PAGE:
An artificial intelligence (AI)-based technology rapidly diagnoses rare disorders in critically ill children with high accuracy, according to a report by researchers from University of Utah (U Of U) Health, Fabric Genomics, and collaborators on a study led by Rady Children’s Hospital in San Diego.

The finding (“Artificial intelligence enables comprehensive genome interpretation and nomination of candidate diagnoses for rare genetic diseases“), published in Genomic Medicine, foreshadows the next phase of medicine, where technology helps clinicians quickly determine the root cause of disease so they can give patients the right treatment sooner, according to the scientists.

“This study is an exciting milestone demonstrating how rapid insights from AI-powered decision support technologies have the potential to significantly improve patient care,” says Mark Yandell, PhD, co-corresponding author on the paper. Yandell is a professor of human genetics and Edna Benning Presidential Endowed Chair at U of U Health, and a founding scientific advisor to Fabric.

Scientists report that an artificial intelligence (AI)-based technology called GEM rapidly diagnoses rare disorders in critically ill children with high accuracy. [Charlie Ehlert, University of Utah Health]
“Clinical interpretation of genetic variants in the context of the patient’s phenotype is becoming the largest component of cost and time expenditure for genome-based diagnosis of rare genetic diseases. Artificial intelligence (AI) holds promise to greatly simplify and speed genome interpretation by integrating predictive methods with the growing knowledge of genetic disease. Here we assess the diagnostic performance of Fabric GEM, a new, AI-based, clinical decision support tool for expediting genome interpretation,” write the investigators.

“We benchmarked GEM in a retrospective cohort of 119 probands, mostly NICU [newborn intensive care unit] infants, diagnosed with rare genetic diseases, who received whole-genome or whole-exome sequencing (WGS, WES). We replicated our analyses in a separate cohort of 60 cases collected from five academic medical centers. For comparison, we also analyzed these cases with current state-of-the-art variant prioritization tools. Included in the comparisons were trio, duo, and singleton cases.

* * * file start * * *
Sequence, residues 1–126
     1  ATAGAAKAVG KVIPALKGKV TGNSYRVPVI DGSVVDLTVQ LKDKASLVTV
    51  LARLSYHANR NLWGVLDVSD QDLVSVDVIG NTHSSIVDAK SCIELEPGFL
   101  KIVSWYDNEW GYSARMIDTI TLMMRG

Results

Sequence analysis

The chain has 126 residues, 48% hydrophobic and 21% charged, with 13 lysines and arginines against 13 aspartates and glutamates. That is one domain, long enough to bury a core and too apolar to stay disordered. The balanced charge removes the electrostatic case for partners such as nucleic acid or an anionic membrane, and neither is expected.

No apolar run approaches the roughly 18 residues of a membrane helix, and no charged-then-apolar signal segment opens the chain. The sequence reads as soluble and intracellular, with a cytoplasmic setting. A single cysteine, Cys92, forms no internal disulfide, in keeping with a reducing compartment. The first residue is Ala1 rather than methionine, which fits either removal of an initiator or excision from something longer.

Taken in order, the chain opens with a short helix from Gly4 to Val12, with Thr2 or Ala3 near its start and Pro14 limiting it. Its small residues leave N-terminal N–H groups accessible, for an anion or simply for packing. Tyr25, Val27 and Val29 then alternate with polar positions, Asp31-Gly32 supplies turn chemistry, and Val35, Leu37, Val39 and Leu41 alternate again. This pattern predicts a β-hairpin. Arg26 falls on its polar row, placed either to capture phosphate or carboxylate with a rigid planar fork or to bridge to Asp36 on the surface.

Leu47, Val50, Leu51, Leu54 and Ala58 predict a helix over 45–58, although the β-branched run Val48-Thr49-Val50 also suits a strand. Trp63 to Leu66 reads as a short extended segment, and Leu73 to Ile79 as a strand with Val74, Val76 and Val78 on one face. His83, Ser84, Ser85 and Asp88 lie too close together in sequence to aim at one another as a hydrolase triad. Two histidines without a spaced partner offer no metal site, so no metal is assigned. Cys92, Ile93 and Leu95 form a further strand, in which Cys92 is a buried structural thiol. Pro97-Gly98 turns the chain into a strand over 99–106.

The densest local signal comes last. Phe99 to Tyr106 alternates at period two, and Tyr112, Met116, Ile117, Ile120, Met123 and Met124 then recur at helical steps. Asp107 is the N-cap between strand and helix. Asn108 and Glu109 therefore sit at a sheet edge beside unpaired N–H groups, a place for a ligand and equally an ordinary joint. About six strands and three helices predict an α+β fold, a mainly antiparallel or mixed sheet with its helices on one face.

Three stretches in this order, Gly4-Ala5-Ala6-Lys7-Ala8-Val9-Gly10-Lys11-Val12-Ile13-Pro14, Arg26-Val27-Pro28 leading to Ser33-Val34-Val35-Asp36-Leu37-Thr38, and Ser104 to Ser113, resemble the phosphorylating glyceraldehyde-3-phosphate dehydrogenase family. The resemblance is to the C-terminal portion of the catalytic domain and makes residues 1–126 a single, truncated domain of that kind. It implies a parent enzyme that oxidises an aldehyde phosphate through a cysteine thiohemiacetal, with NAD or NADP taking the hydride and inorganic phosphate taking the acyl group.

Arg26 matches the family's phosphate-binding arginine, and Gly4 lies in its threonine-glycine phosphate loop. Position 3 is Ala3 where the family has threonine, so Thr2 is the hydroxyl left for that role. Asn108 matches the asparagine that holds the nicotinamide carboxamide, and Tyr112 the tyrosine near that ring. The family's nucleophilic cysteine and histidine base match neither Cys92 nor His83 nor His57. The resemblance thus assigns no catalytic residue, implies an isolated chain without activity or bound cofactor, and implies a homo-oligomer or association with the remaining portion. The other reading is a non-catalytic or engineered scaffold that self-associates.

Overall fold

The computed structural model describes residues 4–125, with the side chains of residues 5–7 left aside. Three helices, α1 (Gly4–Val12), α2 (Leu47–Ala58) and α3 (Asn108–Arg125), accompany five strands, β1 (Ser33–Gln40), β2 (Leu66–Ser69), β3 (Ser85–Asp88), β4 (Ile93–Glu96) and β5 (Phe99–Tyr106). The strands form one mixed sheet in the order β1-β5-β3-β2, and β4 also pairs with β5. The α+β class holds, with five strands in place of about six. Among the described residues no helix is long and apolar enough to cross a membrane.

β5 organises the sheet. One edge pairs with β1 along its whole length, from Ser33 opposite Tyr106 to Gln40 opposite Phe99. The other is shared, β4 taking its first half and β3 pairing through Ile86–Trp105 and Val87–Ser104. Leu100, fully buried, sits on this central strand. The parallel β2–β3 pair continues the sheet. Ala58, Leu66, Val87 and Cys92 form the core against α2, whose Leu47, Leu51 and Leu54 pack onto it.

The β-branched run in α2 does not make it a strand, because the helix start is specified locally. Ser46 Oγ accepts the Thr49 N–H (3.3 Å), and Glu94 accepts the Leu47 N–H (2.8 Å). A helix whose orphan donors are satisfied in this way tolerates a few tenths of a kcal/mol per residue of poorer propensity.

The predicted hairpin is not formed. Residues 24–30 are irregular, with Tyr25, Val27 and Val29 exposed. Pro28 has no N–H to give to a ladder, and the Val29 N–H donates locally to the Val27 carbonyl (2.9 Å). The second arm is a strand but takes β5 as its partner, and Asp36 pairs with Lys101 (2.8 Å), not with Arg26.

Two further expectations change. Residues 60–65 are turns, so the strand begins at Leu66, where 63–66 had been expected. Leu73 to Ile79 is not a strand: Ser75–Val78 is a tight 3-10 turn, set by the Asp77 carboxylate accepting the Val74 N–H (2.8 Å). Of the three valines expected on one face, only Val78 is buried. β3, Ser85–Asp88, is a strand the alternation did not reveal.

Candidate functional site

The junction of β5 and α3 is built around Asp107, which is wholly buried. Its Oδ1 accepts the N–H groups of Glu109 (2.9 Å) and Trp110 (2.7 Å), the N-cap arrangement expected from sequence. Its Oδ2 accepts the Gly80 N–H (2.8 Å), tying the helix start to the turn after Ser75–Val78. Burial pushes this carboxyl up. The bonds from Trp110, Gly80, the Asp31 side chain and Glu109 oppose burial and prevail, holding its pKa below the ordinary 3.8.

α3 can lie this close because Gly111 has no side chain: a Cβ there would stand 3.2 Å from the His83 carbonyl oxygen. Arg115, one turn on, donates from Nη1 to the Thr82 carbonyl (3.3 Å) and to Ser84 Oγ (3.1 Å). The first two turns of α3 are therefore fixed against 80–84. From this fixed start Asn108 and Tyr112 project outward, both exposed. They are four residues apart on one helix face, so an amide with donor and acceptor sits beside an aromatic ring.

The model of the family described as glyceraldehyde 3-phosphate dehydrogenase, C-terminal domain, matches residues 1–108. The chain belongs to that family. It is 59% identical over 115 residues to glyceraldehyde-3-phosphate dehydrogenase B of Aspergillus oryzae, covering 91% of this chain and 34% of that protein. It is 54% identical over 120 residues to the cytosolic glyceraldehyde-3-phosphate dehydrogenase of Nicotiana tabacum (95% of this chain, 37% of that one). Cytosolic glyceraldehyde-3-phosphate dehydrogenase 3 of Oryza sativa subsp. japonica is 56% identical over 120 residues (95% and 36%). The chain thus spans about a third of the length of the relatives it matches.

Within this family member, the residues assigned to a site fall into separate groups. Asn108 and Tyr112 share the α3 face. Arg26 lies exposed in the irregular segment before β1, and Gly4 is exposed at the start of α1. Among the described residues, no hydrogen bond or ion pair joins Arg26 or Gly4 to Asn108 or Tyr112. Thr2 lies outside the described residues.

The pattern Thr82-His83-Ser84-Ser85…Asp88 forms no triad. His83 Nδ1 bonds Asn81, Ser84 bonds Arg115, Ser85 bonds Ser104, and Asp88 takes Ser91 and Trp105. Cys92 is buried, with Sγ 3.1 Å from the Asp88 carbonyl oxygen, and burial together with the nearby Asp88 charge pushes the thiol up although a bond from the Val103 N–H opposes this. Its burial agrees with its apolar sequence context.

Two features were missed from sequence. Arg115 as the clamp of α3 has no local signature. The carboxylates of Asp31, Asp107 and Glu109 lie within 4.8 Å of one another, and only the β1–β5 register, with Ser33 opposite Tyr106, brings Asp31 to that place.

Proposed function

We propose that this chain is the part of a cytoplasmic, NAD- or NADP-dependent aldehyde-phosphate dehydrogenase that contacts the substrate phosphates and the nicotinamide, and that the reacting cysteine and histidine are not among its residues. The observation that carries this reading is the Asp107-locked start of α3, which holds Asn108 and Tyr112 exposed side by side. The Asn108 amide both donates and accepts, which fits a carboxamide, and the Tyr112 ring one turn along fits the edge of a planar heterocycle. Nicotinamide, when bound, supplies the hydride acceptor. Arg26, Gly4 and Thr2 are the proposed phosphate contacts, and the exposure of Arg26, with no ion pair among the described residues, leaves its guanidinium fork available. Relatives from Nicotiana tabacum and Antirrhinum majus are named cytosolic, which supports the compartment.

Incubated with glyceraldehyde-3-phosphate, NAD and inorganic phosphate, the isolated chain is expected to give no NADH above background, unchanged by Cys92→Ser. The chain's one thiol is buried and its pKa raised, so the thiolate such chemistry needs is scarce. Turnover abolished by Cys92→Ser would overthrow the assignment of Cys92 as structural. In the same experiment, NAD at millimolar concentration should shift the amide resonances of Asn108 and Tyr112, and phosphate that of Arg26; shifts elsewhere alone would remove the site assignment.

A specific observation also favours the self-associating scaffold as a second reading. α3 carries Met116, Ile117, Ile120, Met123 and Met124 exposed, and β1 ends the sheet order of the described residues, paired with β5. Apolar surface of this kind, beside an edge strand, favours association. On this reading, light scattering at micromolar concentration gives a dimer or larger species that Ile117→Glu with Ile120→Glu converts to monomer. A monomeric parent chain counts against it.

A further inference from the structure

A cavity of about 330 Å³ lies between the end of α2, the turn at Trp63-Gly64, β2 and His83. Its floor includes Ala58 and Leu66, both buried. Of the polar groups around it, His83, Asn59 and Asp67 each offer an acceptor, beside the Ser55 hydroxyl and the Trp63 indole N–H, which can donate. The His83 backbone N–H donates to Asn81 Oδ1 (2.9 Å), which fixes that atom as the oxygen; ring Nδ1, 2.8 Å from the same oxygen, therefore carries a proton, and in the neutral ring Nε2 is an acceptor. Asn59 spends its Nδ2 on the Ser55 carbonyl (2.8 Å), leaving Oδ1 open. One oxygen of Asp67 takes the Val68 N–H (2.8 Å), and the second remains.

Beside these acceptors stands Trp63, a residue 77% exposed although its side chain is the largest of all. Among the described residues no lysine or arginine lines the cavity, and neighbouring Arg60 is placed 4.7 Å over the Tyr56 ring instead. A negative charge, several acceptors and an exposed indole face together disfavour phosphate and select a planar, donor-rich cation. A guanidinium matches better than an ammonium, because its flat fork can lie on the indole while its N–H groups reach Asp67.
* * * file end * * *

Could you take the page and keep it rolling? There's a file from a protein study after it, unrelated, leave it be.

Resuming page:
“Variants underpinning diagnoses spanned diverse modes of inheritance and types, including structural variants (SVs). Patient phenotypes were extracted from clinical notes by two means: manually and using an automated clinical natural language processing (CNLP) tool. Finally, 14 previously unsolved cases were reanalyzed.

“GEM ranked over 90% of the causal genes among the top or second candidate and prioritized for review a median of 3 candidate genes per case, using either manually curated or CNLP-derived phenotype descriptions. Ranking of trios and duos was unchanged when analyzed as singletons. In 17 of 20 cases with diagnostic SVs, GEM identified the causal SVs as the top candidate and in 19/20 within the top five, irrespective of whether SV calls were provided or inferred ab initio by GEM using its own internal SV detection algorithm.

“GEM showed similar performance in absence of parental genotypes. Analysis of 14 previously unsolved cases resulted in a novel finding for one case, candidates ultimately not advanced upon manual review for 3 cases, and no new findings for 10 cases.

“GEM enabled diagnostic interpretation inclusive of all variant types through automated nomination of a very short list of candidate genes and disorders for final review and reporting. In combination with deep phenotyping by CNLP, GEM enables substantial automation of genetic disease diagnosis, potentially decreasing cost and expediting case review.”